I don’t know if you’ve noticed it, but more and more places are offering pure (or more pure) nitrogen for filling your tires. When I dug into the whys of this, I found a bunch of BS, one good reason, and a lot of money…This subject has been popping up on a lot of the auto forums I frequent, and I’d never really understood the drivers for it. After all, room air is already 80% nitrogen, so really, we’re just talking about a change in the 20% that remains.
Well, I just read an article in Ward’s Dealer Business about nitrogen in tires. Ward’s Dealer Business is trade magazine for the dealerships, and is not read by many in the auto-consuming public. As a sometimes Automotive Journalist, I read a wide range of stuff about cars, and thier newsletter is something I glance at from time to time.
Anyway, the article by James Clausen is called Nitrogen Can Pump Up Profits… You can see where this is going… Anyway, it starts by reviewing the benefits claimed by pervayors of nitrogen filling. And they are:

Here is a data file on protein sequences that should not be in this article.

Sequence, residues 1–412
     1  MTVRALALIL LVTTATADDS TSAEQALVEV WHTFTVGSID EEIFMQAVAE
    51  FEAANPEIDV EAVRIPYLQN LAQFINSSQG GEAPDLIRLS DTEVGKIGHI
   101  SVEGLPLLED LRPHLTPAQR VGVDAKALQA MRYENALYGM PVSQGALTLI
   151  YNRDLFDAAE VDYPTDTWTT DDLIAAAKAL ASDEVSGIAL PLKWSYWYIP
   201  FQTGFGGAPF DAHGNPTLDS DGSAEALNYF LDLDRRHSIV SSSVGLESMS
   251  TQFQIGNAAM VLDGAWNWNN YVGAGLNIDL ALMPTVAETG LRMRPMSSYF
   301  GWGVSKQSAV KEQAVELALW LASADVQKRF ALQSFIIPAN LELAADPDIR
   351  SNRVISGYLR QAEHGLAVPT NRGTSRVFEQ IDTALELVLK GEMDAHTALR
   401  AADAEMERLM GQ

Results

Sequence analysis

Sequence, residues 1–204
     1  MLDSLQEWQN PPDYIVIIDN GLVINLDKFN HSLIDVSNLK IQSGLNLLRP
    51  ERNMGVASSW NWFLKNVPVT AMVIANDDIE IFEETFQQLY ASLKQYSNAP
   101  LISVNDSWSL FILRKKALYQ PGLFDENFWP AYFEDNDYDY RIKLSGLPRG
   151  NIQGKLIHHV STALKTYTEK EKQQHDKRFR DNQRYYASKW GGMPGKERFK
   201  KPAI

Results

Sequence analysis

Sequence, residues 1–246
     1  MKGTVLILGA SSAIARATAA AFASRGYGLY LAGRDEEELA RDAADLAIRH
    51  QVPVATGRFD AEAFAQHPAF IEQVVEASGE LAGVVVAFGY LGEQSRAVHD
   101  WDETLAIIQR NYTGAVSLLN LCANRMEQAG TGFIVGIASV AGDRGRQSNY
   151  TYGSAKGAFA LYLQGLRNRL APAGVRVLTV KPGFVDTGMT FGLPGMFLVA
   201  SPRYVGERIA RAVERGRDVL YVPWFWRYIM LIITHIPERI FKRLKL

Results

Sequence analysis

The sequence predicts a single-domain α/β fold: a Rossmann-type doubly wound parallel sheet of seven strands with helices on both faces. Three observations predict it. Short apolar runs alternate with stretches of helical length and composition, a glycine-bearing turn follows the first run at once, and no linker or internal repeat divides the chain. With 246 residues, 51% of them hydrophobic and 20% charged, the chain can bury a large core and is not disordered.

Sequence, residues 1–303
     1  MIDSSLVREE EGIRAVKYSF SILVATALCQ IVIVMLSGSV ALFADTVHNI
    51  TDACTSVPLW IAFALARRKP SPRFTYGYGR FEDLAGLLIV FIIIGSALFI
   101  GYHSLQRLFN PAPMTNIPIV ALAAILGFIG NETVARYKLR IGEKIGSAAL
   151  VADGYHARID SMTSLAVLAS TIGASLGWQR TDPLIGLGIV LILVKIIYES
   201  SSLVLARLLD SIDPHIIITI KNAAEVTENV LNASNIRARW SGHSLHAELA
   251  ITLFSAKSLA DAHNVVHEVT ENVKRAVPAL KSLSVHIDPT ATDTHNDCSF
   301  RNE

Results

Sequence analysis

- Slower Diffusion Rate through rubber that results in more stable tire pressure.
- Elimination of water reduces corrosion of thing like steel wheels and tire pressure monitoring system (TPMS) sensors.
Well, the first is complete BS. Mr Clauses claims that the faster effusion (no, this isn’t a typo, effusion is the right word) rate of oxygen is due to the fact that oxygen is a smaller molecule. Well, N2 has a 7% faster effusion rate (Graham’s Law of Effusion), and O2 actually has a longer bond length (1.21 vs 1.112 Angstroms)!
But the claim about water has merit and this is because water can condense at lower tempuratures, this would lead to larger pressure fluctuations. The act of removing water seems to be the big benefit of going to pure nitrogen.
But really, enhancing tire lifetimes by reducing pressure fluctuation isn’t really in the interest of tire sales people, service stations or dealerships. That means that they sell less stuff over time. Really, the real reason that you’re seeing more of places offering nitrogen is money. They can sell the service (a back of the envelope shows that selling just one nitrogen fill at $30 per day will pay for the equipment, utility and labor costs of the service, the rest is just gravy…) or they can offer the service for free to drive business into thier shops, providing the perception of value or safety that will capture and keep customers.
So, if some place offers you nitrogen for your tires, go ahead and say sure, unless they’re asking you to pay for it. It really is about the money.Share This: